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Wat Pho is the largest - and probably the oldest - temple in Bangkok.  <img src='http://www.guidegecko.com/images/spyglass1.png' align='texttop' /> Click for full image
Travel Guide > Asia > Thailand > Bangkok > Sights & Attractions

Wat Pho (Temple of the Reclining Buddha)

  
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Wat Pho (วัดโพธิ์), popularly known as the Temple of the Reclining Buddha, is the largest temple of Bangkok, and probably the oldest too, as it predates the founding of the capital by about 200 years.

Most foreign travellers come for the much-needed picture of themselves with the enormous Reclining Buddha (พระพุทธไสยาสน์ Phra Buddhasaiyas); it is the largest reclining Buddha image in Thailand, and possibly the largest in the world. The list of records doesn't end there; Wat Pho is home to more than one thousand Buddha images, more than any other temple in the country.

The temple as it appears now comes from the late 18th century, right after the founding of Rattanakosin, when King Rama I almost completely rebuilt the complex. He renamed the temple Wat Phra Chetuphon (วัดพระเชตุพน), as Thais still call it today, but the new name never really caught on in the West. Another major revamp took place in 1832, when in the reign of King Rama III new chapels were added and walls and pillars were decorated with inscriptions on traditional medicine. Wat Pho is often cited as Thailand's first university, as even before the temple's founding, the site was a centre of education for traditional Thai medicine.

The Wat Pho complex is cut in two walled compounds with Soi Chetuphon separating them. The southern compound, Tukgawee, is barely visited as it is a working Buddhist monastery with monks residing there. The northern compound can be divided into an eastern and western courtyard. Busloads of tourists get in using the north entrance at Thai Wang Road, stand in line to get a quick peek of the Reclining Buddha, and head off. That's a mistake. Better take the south entrance at Chetuphon Road, which actually is the main entrance. From there you can start exploring the complex while missing out on most of the tourist crowds.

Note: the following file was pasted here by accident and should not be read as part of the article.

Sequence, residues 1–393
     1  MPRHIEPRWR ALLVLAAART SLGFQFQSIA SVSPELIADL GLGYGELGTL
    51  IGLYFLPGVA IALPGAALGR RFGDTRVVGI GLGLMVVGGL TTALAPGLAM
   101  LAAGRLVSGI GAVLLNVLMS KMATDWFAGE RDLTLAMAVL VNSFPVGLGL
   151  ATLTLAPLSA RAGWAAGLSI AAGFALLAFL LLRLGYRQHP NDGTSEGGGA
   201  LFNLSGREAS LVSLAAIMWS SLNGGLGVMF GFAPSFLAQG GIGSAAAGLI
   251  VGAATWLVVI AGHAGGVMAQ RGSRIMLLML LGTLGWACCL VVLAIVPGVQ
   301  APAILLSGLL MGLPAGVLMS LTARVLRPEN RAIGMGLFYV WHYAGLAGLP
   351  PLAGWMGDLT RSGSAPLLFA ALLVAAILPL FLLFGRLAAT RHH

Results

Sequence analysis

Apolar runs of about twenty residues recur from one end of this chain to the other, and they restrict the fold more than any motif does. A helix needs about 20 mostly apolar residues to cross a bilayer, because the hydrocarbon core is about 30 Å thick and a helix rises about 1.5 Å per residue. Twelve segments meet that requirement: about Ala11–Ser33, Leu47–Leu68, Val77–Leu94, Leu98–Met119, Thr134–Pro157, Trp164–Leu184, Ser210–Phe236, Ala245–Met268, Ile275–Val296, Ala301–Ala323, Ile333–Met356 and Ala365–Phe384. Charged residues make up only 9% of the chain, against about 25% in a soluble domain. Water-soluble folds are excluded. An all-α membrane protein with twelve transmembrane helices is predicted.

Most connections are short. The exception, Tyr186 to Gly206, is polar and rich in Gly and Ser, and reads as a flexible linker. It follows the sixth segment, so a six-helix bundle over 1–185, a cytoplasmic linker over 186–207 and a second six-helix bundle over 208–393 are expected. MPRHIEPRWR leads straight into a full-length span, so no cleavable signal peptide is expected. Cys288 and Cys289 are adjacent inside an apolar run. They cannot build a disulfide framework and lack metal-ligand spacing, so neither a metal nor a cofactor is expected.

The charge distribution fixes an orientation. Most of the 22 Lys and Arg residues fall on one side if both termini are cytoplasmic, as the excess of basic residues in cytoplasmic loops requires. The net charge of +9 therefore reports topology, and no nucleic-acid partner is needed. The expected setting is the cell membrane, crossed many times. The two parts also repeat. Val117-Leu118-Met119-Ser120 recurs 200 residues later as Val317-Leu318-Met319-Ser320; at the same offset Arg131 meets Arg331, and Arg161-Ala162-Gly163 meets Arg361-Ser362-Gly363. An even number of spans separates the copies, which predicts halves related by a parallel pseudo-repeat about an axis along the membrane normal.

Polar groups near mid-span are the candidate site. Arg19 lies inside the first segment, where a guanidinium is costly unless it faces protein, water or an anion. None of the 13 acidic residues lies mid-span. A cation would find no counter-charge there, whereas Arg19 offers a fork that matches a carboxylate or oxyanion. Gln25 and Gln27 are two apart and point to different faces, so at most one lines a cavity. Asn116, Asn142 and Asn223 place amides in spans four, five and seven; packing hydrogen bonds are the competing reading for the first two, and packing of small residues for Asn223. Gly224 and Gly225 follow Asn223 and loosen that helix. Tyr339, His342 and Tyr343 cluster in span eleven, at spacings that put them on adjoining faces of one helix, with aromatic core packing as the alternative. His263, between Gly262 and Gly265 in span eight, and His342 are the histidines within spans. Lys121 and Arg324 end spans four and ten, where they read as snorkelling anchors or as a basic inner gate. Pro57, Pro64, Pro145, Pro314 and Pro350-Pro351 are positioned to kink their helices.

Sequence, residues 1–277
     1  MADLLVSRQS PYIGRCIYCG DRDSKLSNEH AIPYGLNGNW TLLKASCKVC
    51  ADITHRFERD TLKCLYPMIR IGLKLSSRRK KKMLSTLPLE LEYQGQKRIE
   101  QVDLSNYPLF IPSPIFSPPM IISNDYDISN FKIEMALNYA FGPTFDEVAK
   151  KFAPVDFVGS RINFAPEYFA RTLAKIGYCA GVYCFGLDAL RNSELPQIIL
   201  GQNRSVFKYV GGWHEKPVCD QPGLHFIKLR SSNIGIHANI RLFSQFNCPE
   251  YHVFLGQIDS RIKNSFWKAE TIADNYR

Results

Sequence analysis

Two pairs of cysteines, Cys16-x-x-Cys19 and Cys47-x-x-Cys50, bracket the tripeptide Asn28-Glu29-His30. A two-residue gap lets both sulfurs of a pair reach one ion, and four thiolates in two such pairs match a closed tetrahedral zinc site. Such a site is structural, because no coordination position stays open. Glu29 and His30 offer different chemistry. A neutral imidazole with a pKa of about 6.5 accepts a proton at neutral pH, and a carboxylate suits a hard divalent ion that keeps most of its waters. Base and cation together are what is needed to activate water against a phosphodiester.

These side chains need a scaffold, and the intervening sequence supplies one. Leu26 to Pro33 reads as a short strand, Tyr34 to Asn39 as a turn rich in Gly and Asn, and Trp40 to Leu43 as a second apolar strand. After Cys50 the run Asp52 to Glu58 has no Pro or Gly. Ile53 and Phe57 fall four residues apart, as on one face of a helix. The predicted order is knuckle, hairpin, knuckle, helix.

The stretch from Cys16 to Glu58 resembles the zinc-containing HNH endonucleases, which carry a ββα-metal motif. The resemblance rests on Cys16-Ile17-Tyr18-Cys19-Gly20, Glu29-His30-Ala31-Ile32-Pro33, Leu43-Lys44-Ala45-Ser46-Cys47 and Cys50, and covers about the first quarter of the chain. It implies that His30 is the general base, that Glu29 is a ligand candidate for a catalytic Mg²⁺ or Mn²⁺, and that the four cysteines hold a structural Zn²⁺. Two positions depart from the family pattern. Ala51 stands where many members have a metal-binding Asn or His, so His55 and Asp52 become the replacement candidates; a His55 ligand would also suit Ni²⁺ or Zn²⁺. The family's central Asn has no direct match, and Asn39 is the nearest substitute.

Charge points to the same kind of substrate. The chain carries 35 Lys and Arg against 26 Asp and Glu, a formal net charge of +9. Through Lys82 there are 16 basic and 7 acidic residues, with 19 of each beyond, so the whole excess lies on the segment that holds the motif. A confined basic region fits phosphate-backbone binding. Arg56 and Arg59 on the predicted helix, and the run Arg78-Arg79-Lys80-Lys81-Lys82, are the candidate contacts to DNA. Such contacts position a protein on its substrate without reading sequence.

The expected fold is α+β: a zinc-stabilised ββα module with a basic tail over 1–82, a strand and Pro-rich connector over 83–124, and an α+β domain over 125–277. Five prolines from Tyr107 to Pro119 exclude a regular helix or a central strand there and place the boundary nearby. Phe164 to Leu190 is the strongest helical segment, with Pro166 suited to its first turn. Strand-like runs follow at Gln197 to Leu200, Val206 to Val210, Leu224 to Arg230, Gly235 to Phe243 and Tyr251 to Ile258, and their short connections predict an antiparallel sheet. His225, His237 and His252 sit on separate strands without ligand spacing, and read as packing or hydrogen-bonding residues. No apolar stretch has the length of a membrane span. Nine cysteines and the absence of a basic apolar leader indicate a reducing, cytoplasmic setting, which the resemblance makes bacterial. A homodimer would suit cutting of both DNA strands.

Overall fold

The large Reclining Buddha in Wat Pho.  <span style='white-space:nowrap;'><img src='http://www.guidegecko.com/images/spyglass1.png' align='texttop' /> Click to enlarge</span>

The admission fee is 100 baht, and the temple is open from 08:00 till 17:00. You can arrange an English-speaking personal guide that provides you with interesting information of the complex. It costs around 200-400 baht, depending on the size of your group (and your negotiation skills).

The main entrance is one of the 16 gates that surround the walled compound. These entrances are guarded by enormous Chinese stone giants. Most of these giants are "farang", Westerners that wear wide-brimmed hats and hold a sword. I bet you find these Westerners scarier than the guardian demons protecting Wat Phra Kaew! When Siamese ships exported rice to China, they brought these statues back to compensate for the loss of weight. The entrance brings you into the eastern courtyard, which is dominated by the bot. To get to it, take a right from the entrance and then take a left before the southern viharn. At the entrance of the bot are lions that are Burmese in design. Inside the bot, on top of a big altar that contains the relics of King Rama I, is the main Buddha image, which is in Ayutthayan style. Four viharns and a total of 91 prangs and chedis surround the bot.

Moving on to the western courtyard, you'll quickly stumble upon the Reclining Buddha — gold plated, 46 metres long, 15 metres high, with inlaid mother-of-pearl soles. It is an impressive sight and definitely one you must see on your trip. The Reclining Buddha shows the passing of the Buddha into nirvana, the Buddha's final state of enlightenment before his death. On the back side of the statue, you can buy a bag of 50-satang coins and plunk them one by one into the row of copper pots for good luck. Outside the building, four chedis commemorate the first four kings of the Chakri dynasty. The cental chedi is the oldest one, it was erected by King Rama I to hold the remains of the Phra Si Sanphet, the most sacred Buddha figure of Ayutthaya. The chedis to the north and to the south house the remains of King Rama II and King Rama III respectively.

There's plenty of other sights and activities inside the large temple complex; above all, try a massage.

Type: Monument/Building
Location: Rattanakosin, Bangkok, Thailand
Telephone: +66 2 226-0335







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